While Tuesday night was certainly a primer, this will be the first time Iowa State’s fab four freshmen experience what it means to play high-major college basketball. Hilton Coliseum is reportedly sold out and it figures to be another outstanding atmosphere in one of the game’s greatest arenas.
That can be overwhelming for an 18-year old kid used to playing in Chicago public school or Wisconsin high school gyms. Haliburton handled his first collegiate experience better than most people probably expected while scoring 12 points on 5-of-6 shooting, dishing out four assists and coming up with four steals.
On the flip side, Talen Horton-Tucker, who will be facing his former Simeon Academy teammate Xavier Pinson, struggled during his first game as a Cyclone, shooting just 3-of-12 from the field on his way to a six-point performance.
“The biggest thing with Talen, I met with him yesterday after practice, is understanding shot selection and ball movement,” Prohm said. “When you have an individual talent, you’re going to break some plays off at times and that’s fine. He had five threes that I would beg him to take, I need him to take, that he’s really a 2-for-5 guy to be honest if you watch him every day. The thing that he did the other night that’s got to get better is if it’s not there right away when you’re on the top or in the middle of the floor, just get ball reversal and you’ll get it back.”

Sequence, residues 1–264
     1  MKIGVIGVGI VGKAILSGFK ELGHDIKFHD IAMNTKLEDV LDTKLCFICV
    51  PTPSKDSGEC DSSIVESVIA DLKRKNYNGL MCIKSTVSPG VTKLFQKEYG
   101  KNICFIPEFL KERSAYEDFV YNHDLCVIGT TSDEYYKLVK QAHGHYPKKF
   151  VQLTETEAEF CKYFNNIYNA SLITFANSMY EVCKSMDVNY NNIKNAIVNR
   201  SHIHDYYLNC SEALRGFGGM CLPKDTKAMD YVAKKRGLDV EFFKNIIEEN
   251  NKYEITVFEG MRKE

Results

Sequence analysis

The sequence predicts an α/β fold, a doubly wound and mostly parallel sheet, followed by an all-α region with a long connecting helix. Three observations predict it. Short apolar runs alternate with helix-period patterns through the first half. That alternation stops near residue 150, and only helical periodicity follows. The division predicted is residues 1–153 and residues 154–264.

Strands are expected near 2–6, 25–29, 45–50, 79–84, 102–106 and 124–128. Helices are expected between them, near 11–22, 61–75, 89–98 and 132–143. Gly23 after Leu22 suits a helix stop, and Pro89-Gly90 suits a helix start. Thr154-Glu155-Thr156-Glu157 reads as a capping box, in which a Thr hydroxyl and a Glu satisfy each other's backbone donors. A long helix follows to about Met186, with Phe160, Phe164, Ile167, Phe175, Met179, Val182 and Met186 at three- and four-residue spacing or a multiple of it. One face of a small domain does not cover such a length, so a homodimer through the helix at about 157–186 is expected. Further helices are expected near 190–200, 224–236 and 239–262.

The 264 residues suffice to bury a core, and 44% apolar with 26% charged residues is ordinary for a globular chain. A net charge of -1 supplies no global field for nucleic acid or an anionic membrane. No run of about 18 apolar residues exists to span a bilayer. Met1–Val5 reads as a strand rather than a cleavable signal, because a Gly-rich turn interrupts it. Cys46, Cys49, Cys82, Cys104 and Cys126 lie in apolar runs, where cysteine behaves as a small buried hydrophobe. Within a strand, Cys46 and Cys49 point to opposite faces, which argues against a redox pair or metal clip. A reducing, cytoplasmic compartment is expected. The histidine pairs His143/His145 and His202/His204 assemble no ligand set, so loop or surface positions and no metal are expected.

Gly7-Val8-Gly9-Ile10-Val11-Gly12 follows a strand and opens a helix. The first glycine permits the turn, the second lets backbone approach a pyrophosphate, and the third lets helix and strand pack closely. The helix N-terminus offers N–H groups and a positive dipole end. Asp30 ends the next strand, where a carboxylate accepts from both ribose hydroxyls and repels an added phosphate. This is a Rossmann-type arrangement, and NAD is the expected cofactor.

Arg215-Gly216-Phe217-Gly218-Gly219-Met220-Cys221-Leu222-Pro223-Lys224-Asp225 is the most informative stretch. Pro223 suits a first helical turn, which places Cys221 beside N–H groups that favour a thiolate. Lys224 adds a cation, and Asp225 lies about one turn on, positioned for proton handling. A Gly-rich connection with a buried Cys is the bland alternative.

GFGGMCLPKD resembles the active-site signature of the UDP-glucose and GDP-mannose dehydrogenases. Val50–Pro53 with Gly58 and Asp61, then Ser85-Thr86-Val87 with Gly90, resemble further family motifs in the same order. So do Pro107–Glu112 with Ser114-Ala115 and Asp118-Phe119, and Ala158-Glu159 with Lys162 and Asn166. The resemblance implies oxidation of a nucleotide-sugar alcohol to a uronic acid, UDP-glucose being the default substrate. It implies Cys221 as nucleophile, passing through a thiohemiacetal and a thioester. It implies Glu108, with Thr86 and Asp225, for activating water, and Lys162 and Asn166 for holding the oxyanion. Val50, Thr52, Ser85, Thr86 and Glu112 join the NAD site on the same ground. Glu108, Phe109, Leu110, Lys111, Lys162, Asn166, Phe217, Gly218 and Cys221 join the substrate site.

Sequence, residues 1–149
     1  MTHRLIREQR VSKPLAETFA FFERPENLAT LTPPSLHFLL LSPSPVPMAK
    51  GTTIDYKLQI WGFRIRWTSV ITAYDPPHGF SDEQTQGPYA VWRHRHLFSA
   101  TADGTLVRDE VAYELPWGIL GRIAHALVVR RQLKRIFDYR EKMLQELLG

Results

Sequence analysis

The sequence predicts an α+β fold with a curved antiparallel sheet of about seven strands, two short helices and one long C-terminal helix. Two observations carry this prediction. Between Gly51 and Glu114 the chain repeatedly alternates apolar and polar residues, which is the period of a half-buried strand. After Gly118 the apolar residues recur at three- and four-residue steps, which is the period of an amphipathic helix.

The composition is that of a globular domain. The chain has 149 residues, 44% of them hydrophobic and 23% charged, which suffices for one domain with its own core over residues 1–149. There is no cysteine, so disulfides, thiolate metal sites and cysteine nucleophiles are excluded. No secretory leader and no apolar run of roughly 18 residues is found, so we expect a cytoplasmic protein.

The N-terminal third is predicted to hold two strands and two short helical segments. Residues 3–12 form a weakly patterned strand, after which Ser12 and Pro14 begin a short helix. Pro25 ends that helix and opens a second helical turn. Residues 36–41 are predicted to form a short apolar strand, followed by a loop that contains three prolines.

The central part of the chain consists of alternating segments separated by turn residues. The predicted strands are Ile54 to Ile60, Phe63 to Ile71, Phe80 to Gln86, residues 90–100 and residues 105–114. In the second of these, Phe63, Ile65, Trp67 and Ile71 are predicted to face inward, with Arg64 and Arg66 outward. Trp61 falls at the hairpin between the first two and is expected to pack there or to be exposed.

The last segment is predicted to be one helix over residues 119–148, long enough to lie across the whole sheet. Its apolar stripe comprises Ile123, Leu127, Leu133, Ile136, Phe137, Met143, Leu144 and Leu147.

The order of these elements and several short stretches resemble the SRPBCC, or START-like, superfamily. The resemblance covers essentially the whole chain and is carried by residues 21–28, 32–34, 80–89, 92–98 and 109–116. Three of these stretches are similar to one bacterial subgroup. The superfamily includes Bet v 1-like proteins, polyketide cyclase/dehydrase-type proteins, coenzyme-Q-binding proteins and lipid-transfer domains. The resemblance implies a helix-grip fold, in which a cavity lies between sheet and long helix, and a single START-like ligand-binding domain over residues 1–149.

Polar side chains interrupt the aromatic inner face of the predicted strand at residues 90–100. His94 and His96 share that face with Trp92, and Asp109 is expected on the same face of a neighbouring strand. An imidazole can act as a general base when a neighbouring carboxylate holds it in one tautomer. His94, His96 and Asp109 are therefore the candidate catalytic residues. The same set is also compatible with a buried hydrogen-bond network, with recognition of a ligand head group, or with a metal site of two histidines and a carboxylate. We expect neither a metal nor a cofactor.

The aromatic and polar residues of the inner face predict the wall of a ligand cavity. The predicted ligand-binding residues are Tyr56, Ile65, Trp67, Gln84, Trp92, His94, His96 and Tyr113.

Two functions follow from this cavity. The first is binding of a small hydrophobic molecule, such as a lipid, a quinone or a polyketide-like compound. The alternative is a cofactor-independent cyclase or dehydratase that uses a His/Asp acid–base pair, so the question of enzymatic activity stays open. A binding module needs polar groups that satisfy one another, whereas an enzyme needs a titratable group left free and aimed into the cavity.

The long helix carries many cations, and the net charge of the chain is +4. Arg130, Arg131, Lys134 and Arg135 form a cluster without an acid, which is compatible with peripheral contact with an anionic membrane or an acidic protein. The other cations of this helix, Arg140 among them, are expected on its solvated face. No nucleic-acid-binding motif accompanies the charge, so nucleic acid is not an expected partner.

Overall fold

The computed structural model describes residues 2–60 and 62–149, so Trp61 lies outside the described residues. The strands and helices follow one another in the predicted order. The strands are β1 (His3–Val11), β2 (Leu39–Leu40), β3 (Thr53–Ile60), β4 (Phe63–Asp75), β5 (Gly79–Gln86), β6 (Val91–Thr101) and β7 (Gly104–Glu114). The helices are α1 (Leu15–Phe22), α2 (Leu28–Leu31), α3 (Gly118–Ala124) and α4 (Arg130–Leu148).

“It was his first college game with the lights on. You know, Nebraska, Wisconsin, high-major or whatever and Alabama State’s not, but it’s still your first time in front of lights, in front of people so there’s a lot of nerves, a lot of anxiety. I think he’ll just continue to get better.”
Let’s hope getting the experience against Alabama State will allow Horton-Tucker to not feel some of the nerves or anxiety when it comes time to take on Missouri on Friday because the lights are certainly going to be much brighter than they were in the season-opener.
This is high-major marquee college basketball in November. It is meeting No. 235 between two old Big 8 rivals.
This is going to be fun.